But, before I wax too optimistic, let me say that it appears to me that a number of teams that were down last years have improved their rosters through trade and free agency, so it still boils down to what happens after the ref throws the ball into the air to start the game.

Now for Kobe Bryant's silly prediction that the present Olympic Team could beat the Dream Team. I suppose he couldn't very well said, no we're second best, but he could have been slightly more intelligent. Nothing wrong with asking a question with a question. What do you think, Mr. Reporter? Give him a wink and you'd have been off the hook.

Question? If Steve Nash plays as well as he did last season (at 38 yrs young), is it possible that Kobe Bryant could surpass Wilt Chamberlain's 50 pts a game avg record season?

Speaking of Kobe Bryant, remember his learning curve when he entered the league out of high school? He was not the star he is now. I wrote this poem at that time about him. It is in my first book of poems: Nothing You Lose Can Be Replaced.

Kobe Bryant

Three air-balls in a row
and the face of the cock-sure
millionaire becomes the face
of Billy Harris who I told
to take the last shot
for the city championship,
although he was too young,
the only sophomore on the team.

When the ball left his hand
I knew right away its failure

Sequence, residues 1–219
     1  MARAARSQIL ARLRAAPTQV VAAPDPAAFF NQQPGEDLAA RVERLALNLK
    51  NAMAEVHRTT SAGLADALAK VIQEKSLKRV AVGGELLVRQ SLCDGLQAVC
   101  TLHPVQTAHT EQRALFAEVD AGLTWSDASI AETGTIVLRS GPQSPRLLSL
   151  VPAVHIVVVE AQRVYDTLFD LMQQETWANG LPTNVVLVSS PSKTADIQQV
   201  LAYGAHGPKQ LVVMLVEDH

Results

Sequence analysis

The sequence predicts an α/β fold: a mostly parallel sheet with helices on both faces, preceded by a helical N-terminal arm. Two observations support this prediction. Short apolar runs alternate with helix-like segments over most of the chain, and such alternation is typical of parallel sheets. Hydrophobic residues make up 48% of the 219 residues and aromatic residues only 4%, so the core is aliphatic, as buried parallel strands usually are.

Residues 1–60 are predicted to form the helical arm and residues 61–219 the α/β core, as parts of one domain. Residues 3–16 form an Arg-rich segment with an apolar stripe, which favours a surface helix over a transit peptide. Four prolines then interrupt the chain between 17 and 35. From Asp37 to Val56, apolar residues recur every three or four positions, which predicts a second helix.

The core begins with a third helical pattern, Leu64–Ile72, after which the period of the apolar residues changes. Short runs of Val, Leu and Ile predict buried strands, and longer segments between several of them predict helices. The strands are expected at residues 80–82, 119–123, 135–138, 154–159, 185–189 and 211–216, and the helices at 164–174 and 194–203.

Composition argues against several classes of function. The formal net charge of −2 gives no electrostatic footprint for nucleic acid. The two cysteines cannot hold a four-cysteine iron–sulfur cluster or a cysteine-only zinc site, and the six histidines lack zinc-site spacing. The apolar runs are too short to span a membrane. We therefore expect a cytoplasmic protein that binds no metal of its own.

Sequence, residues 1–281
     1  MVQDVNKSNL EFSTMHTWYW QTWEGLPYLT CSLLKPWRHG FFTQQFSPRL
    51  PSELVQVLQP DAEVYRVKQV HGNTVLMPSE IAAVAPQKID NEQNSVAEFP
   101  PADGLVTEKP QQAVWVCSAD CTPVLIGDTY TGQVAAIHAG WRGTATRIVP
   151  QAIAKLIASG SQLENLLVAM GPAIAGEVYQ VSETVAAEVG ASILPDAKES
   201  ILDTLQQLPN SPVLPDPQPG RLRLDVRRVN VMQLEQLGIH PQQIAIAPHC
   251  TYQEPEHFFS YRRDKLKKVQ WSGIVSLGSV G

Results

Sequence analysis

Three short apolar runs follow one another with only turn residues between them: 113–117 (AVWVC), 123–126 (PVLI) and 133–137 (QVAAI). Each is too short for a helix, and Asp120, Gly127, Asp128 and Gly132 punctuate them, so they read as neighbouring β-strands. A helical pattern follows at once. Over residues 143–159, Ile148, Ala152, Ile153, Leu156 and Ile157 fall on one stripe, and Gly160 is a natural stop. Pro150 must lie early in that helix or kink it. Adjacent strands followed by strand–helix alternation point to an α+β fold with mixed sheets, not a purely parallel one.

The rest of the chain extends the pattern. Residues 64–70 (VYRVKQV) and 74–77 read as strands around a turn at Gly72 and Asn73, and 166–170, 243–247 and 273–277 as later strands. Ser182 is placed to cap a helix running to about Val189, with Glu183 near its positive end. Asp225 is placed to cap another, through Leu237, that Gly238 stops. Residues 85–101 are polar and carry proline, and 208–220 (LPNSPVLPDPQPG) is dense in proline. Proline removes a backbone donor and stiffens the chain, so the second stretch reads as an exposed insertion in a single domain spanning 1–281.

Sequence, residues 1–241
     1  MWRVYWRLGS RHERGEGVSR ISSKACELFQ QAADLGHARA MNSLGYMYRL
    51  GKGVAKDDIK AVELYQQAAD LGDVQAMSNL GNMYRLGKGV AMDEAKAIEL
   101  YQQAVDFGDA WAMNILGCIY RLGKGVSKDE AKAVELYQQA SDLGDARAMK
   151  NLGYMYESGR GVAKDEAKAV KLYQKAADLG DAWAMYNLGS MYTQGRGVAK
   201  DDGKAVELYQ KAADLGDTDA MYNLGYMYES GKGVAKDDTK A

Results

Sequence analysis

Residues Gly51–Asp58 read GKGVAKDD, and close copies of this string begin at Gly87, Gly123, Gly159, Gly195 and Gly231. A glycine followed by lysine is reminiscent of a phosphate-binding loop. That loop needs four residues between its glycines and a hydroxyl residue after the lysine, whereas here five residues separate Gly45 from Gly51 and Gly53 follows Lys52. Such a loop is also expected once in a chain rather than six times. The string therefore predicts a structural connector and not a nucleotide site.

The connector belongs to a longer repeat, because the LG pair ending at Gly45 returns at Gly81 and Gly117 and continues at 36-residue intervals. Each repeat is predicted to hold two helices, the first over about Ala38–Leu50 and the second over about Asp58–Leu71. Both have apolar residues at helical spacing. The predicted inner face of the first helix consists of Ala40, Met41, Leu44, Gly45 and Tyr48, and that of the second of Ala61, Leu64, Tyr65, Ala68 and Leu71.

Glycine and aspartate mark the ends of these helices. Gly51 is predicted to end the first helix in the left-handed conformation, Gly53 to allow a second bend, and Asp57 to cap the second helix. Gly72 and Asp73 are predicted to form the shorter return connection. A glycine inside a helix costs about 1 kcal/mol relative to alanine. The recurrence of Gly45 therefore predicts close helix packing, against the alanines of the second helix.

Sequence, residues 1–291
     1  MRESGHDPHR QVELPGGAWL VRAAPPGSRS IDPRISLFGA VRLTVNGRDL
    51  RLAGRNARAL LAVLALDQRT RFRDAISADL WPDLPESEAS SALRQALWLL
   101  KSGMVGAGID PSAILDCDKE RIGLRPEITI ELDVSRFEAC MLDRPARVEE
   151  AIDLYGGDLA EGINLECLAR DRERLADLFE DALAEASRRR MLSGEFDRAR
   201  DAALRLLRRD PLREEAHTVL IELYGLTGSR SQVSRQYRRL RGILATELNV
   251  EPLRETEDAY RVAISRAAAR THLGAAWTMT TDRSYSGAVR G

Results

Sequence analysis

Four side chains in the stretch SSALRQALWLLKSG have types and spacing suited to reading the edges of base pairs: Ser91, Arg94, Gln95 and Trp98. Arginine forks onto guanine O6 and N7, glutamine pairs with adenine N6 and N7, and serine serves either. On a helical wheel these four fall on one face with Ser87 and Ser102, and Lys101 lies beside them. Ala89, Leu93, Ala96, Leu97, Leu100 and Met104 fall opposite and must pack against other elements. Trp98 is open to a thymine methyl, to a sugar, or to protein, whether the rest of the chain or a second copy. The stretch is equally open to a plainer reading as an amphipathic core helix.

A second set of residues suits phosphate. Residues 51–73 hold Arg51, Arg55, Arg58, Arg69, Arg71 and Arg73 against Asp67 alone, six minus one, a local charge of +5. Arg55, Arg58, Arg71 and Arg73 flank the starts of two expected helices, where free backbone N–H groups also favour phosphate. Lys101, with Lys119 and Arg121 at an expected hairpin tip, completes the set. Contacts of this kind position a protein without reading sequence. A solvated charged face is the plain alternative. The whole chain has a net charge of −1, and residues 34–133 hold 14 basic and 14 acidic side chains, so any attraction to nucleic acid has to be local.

and wanted to climb the air
to pull it back before
it fell two feet short, and the fans
began to stomp their feet
and point that terrible pronoun
at him, as if you, you, you
didn't already understand
he'd never be the same person
he was the day began.

Tonight, on TV against the Jazz,
I watch Kobe and believe
it's my fault all over again
because Billy Harris never
got his shot back no matter
what I did or said to him
for the next two seasons.

Wednesday, July 11, 2012

Are Sports Fans Really Fans Anymore?

In yesterdays Blog I mused about the Standing Room Only sections of football stadiums and baseball parks. I referred to these areas as social gatherings, which begged the question are the people inhabiting these zones there to watch the sport? I'm not sure I was emphatic enough with my answer. Today I will be. The answer is No. Part of the social media generation, the people in the Standin Room Only sections are there primarily to socialize; they are not there to watch the sport.

Musing, further, on this new phenomena, I found myself thinking how many people in all the other sections of the stadiums, ballparks, and arenas are there actually watching the game? I mean seriously watching the action? Ask yourself, how many times during a game (any of the Big Three sports) are you able to sit uninterrupted in your seat without someone excusing him or herself over you or in front of you or just behind you to go the the concession stands? Or wherever? Never, would be my guess. Throughout the game there are always people leaving or returning. It's my experience that this behavior has increased over the years.